In its race to catch up with Dubai, in October 2017, KSA had announced its plans for the megacity Neom, which is an acronym for “New Future”. What makes this project distinctive is its role as a soft power tool. This project attracted the Russian investment fund, which announced that billions of dollars will be invested, as well as attaining the approval of the British Prime Minister Boris Johnson during the G20 summit. However, for the Neom project to prosper, an agreement must be made with Israel in the future. The need for this agreement is due to the 1979 peace treaty between Israel and Egypt, which granted Israel free shipping through Tiran Straits. In 2017, Egypt handed over the Tiran and Sanafir Islands to Saudi Arabia on the notion that it would benefit from the project since the KSA will plan on building a bridge to connect Egypt and Neom, crossing over the Strait of Tiran. Its second significant project is the “King Abdullah Center for Atomic and Renewable Energy” (K.A.CARE), which was founded in 2010. Besides achieving future sustainable energy nationally and internationally, the K.A.CARE has to collaborate with several local and foreign agencies and states to collect the required expertise and ensure the execution of its fundamental objectives.
Projects like these are what is helping the KSA to build alliances and networks based on investment opportunities. Communicating on an intercontinental level through projects is one of the fundamental elements of soft power diplomacy. Advertising the country through projects and collecting transnational support is a vital aspect and this is what MBS has been doing to outshine Dubai.
The UAE-Saudi conflict was never solely a conflict of disagreement around oil production. These two countries have been competing on a slew of issues since 2016 to include the Yemen war, reconciliation with Qatar, initiation talks with Turkey, and stance towards Muslim Brotherhood. The OPEC+ dispute was just a cherry on top. Riyadh has been introducing initiatives to seize primacy in the Gulf area by outbidding what the UAE offers and trying to deny the lenient conditions it has so far shown to the UAE. International efforts underway to solve differences among the two countries will certainly help weather the issue of oil production levels within the context of OPEC+. But it will take more compromise on years-long investment and sacrifice for both sides to reach an overall agreement, which is harder to see coming. Despite a visit by MBZ to Saudi Arabia this week, pro-government analysts continue to publicly criticize the UAE. This has the potential to disrupt stability in the already turbulent region. To avoid this eventuality, there is a need for more conversation and coordination between the two countries based on the rationale that they cannot afford to become enemies and turning against each other.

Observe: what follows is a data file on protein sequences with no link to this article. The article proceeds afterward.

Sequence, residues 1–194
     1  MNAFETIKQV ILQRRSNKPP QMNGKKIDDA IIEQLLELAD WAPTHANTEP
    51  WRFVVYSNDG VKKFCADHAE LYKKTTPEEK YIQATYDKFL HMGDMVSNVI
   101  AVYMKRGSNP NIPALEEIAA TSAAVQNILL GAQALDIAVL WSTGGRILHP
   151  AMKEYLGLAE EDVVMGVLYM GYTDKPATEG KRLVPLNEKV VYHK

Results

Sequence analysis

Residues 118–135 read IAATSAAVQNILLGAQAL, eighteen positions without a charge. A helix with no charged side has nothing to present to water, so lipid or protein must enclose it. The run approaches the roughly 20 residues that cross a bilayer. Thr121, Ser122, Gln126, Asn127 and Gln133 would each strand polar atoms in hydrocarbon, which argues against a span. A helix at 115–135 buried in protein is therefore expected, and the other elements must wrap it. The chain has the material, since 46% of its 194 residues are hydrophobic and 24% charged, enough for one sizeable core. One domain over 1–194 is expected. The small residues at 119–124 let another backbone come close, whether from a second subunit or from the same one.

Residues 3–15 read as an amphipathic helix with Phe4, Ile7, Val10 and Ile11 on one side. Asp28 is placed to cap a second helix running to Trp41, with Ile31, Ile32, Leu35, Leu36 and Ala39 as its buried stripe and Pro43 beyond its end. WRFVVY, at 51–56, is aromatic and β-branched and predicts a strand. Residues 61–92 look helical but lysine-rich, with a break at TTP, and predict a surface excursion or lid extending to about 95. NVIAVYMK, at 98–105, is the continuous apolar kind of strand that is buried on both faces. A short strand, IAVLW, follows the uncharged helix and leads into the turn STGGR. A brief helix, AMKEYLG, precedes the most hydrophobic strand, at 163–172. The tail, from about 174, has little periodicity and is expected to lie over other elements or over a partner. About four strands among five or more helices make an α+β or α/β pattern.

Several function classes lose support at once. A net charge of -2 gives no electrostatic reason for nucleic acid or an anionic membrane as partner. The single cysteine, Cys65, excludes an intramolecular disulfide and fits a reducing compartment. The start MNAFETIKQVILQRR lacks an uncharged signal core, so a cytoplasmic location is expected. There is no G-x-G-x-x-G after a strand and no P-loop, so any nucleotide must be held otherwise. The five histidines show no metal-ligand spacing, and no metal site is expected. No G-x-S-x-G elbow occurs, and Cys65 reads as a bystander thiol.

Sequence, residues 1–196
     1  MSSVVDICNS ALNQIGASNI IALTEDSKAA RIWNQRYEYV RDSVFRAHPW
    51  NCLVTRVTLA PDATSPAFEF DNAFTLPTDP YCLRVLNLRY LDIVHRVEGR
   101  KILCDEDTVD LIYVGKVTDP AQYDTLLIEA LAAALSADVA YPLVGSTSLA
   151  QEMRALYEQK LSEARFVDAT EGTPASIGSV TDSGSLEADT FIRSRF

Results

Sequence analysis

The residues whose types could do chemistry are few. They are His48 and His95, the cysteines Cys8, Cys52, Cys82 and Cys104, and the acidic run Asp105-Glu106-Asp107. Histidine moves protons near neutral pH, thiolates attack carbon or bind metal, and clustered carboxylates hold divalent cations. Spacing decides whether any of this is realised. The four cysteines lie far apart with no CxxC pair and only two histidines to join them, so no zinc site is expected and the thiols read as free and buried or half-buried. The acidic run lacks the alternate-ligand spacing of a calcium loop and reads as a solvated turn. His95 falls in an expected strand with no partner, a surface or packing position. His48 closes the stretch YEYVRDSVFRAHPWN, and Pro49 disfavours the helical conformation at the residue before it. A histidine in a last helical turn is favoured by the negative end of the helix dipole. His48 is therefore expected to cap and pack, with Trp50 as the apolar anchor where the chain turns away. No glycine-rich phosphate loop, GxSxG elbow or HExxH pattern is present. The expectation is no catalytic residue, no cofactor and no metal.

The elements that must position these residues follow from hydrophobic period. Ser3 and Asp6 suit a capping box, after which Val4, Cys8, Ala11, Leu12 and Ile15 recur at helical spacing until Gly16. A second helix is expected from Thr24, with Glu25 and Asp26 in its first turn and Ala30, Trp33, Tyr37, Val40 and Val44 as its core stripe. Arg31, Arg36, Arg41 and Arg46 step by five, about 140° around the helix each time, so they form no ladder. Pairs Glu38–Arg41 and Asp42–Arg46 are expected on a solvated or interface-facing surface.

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Christel Haidar is currently following Master’s Program in Public and Culture Diplomacy at the University of Siena (Italy) and is currently a research assistant intern at Beyond the Horizon ISSG.